The idea of the term “ambulance” in Australia was first conjured in 1883 when St John Ambulance Association was established in Victoria. Other states later followed, including Queensland, founding the Brisbane branch of the Order of St John in 1889. By May of that year, St John would begin teaching first aid classes to the public from the Ann Street School of Arts, and continue the tradition through the years still doing so today in various establishments state-wide. Training in the St John classes prompted a small group of “graduates” to use their training for the good of others and formed the first Brisbane based City Ambulance Transport Brigade (CATB) in 1892. Equipment and training was limited, with the first true “ambulance” being an Ashford Litter (featured image) requiring the men to push the litter by hand. The men were soon termed “ambulance bearers” and sought new ways to manoeuvre the litter including the use of horses.
The idea soon grew and by 1902 the Queensland Ambulance Transport Brigade (QATB) had formed, and taken off into other areas of Queensland. In 1908-09 the QATB took ownership of a Canadian built Talbot (pictured), known to be the first motorised vehicle in the fleet of equipment for the early organisation.
Various modes of ambulance transportation would be designed over many years, as technology improved and new ideas would grow. Around the same time other Australian states were seeing a similar response to the earlier pioneers of St John, with ambulance services prospering throughout the country. Some early modes of transport are shown below:
As each Transport Brigade across Queensland was established, fundraising became a major factor for those brigades with adequate resources, new vehicles and uniforms, and those still utilising horse drawn stretchers. It was around this time that the more financial metropolitan Ambulance Transport Brigades began to fund new vehicles, which saw the ambulance service as it was known to rapidly change. The service though, still remained largely first aid and transport to a hospital. Unlike other states, St John in Queensland lost the bid to continue the public ambulance service and instead the QATB was successful in tendering to provide the state based service which is well-known today. After this success, and provision of funding to the QATB, their equipment, resources and uniforms were soon the symbol of times to come, as the “ambulance bearers” worked to provide a timely means for which the community could get access to early pre-hospital care. This evolution of QATB is shown in pictures below:
In 1993 the QATB dissolved and became the Queensland Ambulance Service (QAS) as it is known today, and with these changes the level of care also had an overhaul. No longer would “ambulance bearers” simply transport patients, but an entire pre-hospital realm of care would begin, and the service began to train paramedics, and not first aiders. Equipment would include basic medications, oxygen and life saving equipment which filled the newly designed ambulance vehicles. New vehicles with livery (stickers and lights) hit the streets with the newly formed “QAS”. See some below:
Many other vehicles have existed throughout the history of the ambulance service, and not all have been shown here. With the changes to roles and the expected level of care also came a need for increased training. QAS implemented a student paramedic diploma based program which would see student paramedics employed whilst training toward a Diploma of Paramedic Science. This scheme was abolished in 2013 in favour of a university based program which now sees students self fund a Bachelor of Paramedic Science, and then seek employment as a Graduate Paramedic with the QAS. An internship follows before the graduates are issued with a qualification to practice as Advanced Care Paramedics. With the increase in technology there is also several tiers of pre-hospital care now, including Critical Care, whereby Critical Care Paramedics are employed following a Postgraduate Diploma of Critical Care or Masters in Paramedic Science.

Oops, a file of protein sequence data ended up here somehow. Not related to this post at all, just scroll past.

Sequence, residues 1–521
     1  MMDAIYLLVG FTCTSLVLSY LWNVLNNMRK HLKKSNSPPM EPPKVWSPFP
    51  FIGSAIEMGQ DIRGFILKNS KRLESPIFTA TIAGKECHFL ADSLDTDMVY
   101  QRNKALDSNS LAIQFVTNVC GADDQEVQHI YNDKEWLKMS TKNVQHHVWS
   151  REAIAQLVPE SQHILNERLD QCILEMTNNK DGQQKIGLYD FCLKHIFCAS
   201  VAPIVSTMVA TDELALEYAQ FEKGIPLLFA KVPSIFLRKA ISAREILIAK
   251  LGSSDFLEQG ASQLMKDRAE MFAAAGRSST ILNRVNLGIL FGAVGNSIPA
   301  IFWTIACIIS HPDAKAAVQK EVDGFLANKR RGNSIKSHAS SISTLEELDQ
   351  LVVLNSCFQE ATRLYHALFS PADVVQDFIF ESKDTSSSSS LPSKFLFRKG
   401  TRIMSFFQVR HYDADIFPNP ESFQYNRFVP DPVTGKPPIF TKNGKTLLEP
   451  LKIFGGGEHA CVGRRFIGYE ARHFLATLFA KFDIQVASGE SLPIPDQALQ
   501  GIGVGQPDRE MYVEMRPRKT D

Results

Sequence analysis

The pre-hospital arena is fast evolving and as new technologies come out of the hospitals into the community, it will only continue to evolve. What a fantastic career to be embarking on! I am proud to be a paramedic for the Queensland Ambulance Service, and look forward to many more years to come!
This is my abridged version of the origins of QAS. To further explore the history of ambulance in Queensland there are several locations you can visit.
Ash Street, Barcaldine Qld 4725
Phone: (07) 4651 1579
Open: Mon – Sat: 9am – 5pm
Sunday: 10am – 4pm
Entry Fee: Adult = $17.00
Concession / Student 15+ = $14.00
Child /student – 6 to 15 yrs = $10.00 (under 6 yrs free)
Children under 6 years (accompanied by adult) = Free
Family ‘A’ = $42.00 (2 Adults & 2 Children)
Family ‘B’ = $45.00 (2 Adults & 2+ Children)
157 Gill Street, Charters Towers Qld 4820
Contact: Charter Towers Local Ambulance Committee
Phone: (07) 4787 1478
Open: Sunday from 9am – 12pm
The museum isn’t always open, so calling in advance is recommended. Admission is gold coin donation.
33-35 Tingal Road, Wynnum Qld 4178
Contact: Wynnum Local Ambulance Committee
Phone: 0407 117 916
The museum is open by appointment only, so calling in advance is recommended. Admission is free.
Ambulance Week is a time when Paramedics, volunteers and dispatchers are recognised for their achievements in the workplace and the community. It is a time when stations open their doors to let the community in, and break down barriers. It is currently Ambulance Week at the time of writing this, and we have just had our stations Open Day. If you get a chance to attend one of these, it is a great day to meet your local paramedics and show support for what they do!
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